Cerebral Palsy

Cerebral Palsy is a physical disability that affects movement and posture. It is a life long condition that does not generally get worse. It is due to damage to the developing brain either during pregnancy or after birth.

Cerebral palsy affects people in different ways and can affect body movement, muscle control, muscle coordination, muscle tone, reflex, posture and balance.

The symptoms vary from person to person, depending on the area of the brain that is damaged. It is important to consider each person on an individual basis. People with cerebral palsy may experience uncontrolled or unpredictable movements, muscles can be stiff, weak or tight and in some cases people have shaky movements or tremors. People with severe cerebral palsy may also have: difficulty swallowing & breathing, poor head and neck control, poor bladder and bowel control, difficulty eating and have dental and digestive problems.

People with cerebral palsy may also have a range of associated physical and cognitive issues. These may include:

  • Inability to walk
  • Inability to talk
  • Vision impairment
  • Intellectual disability
  • Epilepsy
  • Experiencing pain

There are four types of cerebral palsy:

  1. Spasticity – 70 – 80%of people with cerebral palsy have spasticity, which means that muscles appear stiff and tight so as they try to move, certain muscles contract. This usually affects posture and hand function.
  2. Dyskinetic This condition affects body movements through unintentional, uncontrollable extra movements. This is increased with excitement or nervousness.
  3. Ataxia – is characterised by shaky movements. It affects balance and sense of positioning in space. People with ataxia usually have difficulty in walking and making controlled movements with hands and feet and hence they appear clumsy and uncoordinated.
  4. Plegia – Quadriplegia: movement of both arms and legs are affected, and usually the muscles of the trunk, mouth and face, Diplegia: movement of legs are affected, and to a lesser extent the arms, Hemiplegia: the arm and leg on one side of the body are affected.

1 in 2 people with cerebral palsy have an intellectual disability. Generally, the more severe the physical disability, the more likely it is that they will have an intellectual disability. This is not always the case though, and each person has to be treated individually.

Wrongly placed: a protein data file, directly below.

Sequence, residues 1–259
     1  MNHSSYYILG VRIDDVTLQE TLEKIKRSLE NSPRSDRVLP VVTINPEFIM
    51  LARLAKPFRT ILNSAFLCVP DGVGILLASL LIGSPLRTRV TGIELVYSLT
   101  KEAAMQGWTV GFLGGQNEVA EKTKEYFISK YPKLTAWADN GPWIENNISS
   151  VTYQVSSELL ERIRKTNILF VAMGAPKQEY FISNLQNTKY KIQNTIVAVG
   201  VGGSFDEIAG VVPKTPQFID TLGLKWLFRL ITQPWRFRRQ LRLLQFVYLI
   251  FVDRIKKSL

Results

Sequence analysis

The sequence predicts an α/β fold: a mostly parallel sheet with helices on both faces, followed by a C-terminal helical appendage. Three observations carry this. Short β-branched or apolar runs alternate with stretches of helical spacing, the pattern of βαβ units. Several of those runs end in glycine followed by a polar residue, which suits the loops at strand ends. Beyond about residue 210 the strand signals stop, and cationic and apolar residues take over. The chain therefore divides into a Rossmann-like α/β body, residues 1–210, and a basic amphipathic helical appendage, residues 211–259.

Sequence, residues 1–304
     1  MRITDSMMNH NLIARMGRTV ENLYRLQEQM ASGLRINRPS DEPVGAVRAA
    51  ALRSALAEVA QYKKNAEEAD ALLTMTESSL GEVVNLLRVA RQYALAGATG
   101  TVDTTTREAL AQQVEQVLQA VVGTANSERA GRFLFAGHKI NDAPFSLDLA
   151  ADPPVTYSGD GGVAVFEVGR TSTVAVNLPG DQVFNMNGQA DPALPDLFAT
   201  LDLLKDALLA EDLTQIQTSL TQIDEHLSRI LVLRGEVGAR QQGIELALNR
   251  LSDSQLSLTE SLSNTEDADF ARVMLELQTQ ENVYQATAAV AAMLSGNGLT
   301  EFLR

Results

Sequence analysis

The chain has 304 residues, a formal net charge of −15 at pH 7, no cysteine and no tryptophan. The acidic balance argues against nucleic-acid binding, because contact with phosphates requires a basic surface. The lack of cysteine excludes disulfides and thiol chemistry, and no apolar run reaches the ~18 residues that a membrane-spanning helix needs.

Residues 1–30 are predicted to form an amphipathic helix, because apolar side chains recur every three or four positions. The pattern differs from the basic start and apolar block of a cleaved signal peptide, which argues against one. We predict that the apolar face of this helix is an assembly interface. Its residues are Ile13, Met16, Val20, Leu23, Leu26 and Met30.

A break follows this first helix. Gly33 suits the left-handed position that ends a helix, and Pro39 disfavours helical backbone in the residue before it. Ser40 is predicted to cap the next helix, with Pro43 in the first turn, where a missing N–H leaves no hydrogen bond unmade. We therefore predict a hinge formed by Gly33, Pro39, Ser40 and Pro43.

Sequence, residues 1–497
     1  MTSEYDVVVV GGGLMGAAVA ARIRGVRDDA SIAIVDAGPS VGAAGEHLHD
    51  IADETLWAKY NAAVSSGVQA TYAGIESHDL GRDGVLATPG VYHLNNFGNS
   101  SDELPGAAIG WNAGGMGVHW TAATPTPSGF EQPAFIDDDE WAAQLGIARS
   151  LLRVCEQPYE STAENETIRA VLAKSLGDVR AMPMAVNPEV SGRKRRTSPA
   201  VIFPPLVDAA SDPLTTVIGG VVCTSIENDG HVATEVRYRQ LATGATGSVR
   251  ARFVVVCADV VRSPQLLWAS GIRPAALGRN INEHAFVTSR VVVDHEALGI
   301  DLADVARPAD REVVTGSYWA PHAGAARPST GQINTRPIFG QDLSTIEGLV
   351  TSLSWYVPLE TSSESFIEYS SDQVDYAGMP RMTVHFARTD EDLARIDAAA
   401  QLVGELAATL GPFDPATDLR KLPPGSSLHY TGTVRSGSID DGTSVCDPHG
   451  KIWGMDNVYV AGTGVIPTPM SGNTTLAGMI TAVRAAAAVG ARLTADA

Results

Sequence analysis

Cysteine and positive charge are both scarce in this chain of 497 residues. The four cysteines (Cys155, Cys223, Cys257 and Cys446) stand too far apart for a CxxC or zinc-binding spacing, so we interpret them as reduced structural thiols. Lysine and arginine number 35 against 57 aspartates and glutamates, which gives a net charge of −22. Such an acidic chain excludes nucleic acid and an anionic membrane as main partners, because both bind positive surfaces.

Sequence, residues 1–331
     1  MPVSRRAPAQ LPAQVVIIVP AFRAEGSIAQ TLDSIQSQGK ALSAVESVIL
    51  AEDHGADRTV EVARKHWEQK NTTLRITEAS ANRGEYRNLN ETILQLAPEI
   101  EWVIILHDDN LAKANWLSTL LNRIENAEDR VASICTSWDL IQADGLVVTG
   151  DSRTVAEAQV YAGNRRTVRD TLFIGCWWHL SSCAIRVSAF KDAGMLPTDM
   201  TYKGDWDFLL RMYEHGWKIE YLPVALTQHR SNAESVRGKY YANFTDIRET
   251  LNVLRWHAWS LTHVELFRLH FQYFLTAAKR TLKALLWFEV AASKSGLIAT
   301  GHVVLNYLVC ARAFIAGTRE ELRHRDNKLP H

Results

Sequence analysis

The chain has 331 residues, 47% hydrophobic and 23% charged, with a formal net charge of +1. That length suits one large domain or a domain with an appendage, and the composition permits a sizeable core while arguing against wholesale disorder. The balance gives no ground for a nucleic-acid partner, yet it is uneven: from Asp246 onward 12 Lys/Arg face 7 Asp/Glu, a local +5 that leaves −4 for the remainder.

Programming Considerations

  • Many people with cerebral palsy may need assistance with lifting, toileting, showering, dressing and at mealtimes.
  • They may tire easily and poor circulation means that they will get cold quickly and require appropriate clothing.
  • Activities or equipment may need to be modified to enable a person with cerebral palsy to participate as independently and successfully as possible. Some people may be in a wheelchair so games may be altered- i.e. for volleyball, everyone is seated.
  • Use equipment with links to tactile options such as porcupine balls with added sensory appeal.
  • Make allowances for two staff where activities need to be tried – eg: surfing, head out of the water and two staff to help maintain the person on the board.
  • The individual may need 1:1 support, so make allowances for this in staffing numbers if necessary.
  • Activities may take longer than usual to complete so always allow adequate time.

Strategies for Inclusion

  • Encourage a participant to do as much as they can by themselves and allow adequate time for tasks to be completed.
  • Participation, independence, and choice making are the important factors when participating.
  • Be aware of movements that the person may use to communicate – eg: kick left leg if saying no, smile for yes.

Behaviour Management Issues

  • Intellectually no modification is required.
  • Watch for frustration and modify activities accordingly to make them accessible for the whole group.

(Source – Cerebral Palsy Alliance)

Further information

Cerebral Palsy Alliance – www.cerebralpalsy.org.au